Tuesday, June 1, 2010

Printing a Lithography Stone

Hello All. One last post for today.

I thought I would explain the very complicated process of Lithography stones. This will be lengthy, so bear with me! And don't try this at home (mainly because you won't have access to hardly any of these supplies).

First, you pick a stone. This one was my friend; I used it for every stone assignment in the class.

Then you have to grind the stone down with a levigator. I unfortunately don't have any pictures of this process, but it involves varied sizes of grit, a spray hose, and the levigator itself- a heavy, round wheel with a handle you spin over the grit, to smooth down the stone. This eliminates the old image on the stone and levels it out.

Next, you transfer your drawing onto the stone.

I used autographic ink to recreate the image. This ink is one of several greasy mediums that can be used on a lithographic stone. This needs to sit overnight.

Next is the first etch. This is a dangerous step, so you need to wear a mask and gloves!

After preparing the workspace, brush talc and rosin over the image to solidify it.

Then you made the etch mixture. First pour gum arabic into the etch glasses. Then add drops of nitric acid; the more drops the hotter the etch. I used this chart to figure out how much acid to use.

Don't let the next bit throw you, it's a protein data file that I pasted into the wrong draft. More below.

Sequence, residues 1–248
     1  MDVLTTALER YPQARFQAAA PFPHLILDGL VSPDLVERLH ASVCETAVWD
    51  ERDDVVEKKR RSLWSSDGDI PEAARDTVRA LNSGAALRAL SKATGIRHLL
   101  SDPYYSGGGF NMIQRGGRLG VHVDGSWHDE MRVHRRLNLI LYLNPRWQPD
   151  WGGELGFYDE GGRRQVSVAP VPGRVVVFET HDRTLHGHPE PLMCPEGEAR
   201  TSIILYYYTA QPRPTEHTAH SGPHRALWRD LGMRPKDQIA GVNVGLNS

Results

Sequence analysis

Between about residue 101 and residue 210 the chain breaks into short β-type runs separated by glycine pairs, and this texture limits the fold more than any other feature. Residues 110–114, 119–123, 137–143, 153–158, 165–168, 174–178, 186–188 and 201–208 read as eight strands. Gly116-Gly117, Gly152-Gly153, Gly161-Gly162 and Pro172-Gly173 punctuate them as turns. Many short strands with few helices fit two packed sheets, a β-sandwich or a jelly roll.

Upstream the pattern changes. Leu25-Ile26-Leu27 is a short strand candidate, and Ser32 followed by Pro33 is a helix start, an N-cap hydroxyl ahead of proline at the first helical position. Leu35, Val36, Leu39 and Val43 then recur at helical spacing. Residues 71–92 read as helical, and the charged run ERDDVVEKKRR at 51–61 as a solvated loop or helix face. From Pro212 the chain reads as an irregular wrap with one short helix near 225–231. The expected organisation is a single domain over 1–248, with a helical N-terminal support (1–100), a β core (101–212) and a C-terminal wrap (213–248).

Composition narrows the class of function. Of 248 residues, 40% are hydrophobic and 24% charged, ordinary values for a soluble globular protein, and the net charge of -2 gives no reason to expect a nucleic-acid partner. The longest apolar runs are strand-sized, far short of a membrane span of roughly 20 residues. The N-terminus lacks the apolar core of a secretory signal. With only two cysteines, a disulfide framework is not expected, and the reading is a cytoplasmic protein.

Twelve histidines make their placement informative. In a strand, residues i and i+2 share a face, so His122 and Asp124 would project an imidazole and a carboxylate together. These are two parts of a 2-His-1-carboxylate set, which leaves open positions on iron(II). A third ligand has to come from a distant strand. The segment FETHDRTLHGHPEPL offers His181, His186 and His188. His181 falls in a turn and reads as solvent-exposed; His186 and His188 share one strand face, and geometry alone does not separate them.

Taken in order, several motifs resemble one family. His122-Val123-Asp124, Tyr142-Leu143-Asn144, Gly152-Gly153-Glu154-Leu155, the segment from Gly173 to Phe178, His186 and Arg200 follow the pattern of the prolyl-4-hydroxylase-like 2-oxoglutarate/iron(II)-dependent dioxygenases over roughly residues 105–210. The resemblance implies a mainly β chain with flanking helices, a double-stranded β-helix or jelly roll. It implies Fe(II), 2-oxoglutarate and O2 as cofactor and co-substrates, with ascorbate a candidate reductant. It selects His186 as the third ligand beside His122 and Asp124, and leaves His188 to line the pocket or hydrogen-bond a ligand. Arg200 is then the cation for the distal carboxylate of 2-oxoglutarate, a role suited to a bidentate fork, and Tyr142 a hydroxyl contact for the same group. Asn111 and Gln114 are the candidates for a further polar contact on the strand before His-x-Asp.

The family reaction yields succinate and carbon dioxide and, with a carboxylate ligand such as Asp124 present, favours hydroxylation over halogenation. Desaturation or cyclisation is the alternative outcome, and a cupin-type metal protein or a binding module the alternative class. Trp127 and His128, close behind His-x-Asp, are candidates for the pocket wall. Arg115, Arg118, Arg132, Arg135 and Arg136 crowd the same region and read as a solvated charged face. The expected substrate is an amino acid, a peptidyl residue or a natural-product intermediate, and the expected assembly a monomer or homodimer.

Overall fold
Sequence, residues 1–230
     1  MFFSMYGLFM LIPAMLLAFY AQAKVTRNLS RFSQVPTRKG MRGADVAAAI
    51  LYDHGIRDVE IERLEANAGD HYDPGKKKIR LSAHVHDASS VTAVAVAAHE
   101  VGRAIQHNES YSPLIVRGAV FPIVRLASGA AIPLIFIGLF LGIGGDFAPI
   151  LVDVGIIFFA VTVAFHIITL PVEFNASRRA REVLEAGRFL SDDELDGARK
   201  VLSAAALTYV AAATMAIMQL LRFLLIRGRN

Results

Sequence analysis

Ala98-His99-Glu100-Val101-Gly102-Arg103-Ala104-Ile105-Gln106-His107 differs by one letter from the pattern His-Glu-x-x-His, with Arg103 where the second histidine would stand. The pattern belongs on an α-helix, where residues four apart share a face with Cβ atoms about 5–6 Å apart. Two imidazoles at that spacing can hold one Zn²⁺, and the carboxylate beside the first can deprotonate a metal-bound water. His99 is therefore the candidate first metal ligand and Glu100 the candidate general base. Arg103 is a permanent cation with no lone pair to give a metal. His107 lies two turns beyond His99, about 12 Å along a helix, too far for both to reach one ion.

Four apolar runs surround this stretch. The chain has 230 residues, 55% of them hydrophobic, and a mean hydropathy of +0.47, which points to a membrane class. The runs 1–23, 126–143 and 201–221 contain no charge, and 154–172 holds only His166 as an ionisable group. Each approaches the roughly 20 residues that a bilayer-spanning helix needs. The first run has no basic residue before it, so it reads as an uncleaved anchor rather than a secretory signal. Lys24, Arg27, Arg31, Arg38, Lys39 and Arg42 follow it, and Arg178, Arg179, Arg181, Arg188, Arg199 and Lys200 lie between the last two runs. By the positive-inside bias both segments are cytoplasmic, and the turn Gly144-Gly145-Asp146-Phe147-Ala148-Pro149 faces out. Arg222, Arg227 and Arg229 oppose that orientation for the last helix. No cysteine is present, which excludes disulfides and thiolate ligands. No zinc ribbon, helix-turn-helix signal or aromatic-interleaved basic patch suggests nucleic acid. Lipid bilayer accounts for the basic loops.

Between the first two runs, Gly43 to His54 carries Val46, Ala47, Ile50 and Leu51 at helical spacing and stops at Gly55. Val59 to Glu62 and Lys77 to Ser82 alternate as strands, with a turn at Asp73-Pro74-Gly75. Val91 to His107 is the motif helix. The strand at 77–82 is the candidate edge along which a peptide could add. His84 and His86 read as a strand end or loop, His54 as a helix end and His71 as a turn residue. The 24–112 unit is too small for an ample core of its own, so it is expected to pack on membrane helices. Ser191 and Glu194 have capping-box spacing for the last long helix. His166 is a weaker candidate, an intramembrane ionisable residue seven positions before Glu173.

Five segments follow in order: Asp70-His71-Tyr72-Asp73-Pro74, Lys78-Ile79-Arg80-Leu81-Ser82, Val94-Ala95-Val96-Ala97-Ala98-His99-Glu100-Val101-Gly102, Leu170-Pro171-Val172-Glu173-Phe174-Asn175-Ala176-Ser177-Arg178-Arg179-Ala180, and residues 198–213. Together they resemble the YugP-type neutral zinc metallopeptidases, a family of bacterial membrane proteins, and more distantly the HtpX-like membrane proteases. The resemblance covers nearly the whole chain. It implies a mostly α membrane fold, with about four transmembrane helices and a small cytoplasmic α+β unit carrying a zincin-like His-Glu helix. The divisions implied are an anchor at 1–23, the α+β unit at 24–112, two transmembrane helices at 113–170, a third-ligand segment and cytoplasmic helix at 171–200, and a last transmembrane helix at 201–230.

Apply the etch with a brush.

Let it sit, and then buff it down tight with a rolled cheesecloth.

This needs to sit for at least an hour, during which, you can set up for the second etch.

Set up 1803 ink, water bowls, and sponges.

Wipe out image with Ispoar G.

Rub asphaltum over image (this is where I probably ruined it- you aren't supposed to use as much as I did here).

Charge up roller, and then wash out the asphaltum with a dirty sponge.

Wipe stone with clean, damp sponge, then roll two passes of 1803 ink, then recharge the roller. Repeat this until the image is dark.

Fan dry the stone.

Talc and Rosin again.

Repeat the etch steps again.

Set up the press. Make sure the stone is in the center, up against the woodblocks, and lined up with the scraper bar.

Tear your paper, and set up the marks on the press that tell you when to put the pressure on and off.

Roll out 2244 ink.

Wash out image with Isopar G again.

Rub asphaltum again.

Wash out with dirty sponge.

Now repeat the clean sponge and ink roller passes. Here's a video of me printing at Open Studio Night:

Whew! The end!

1 comment:

Daniel Woodling said...

I had no idea it was THIS complicated. All the power to you, looks like a blast.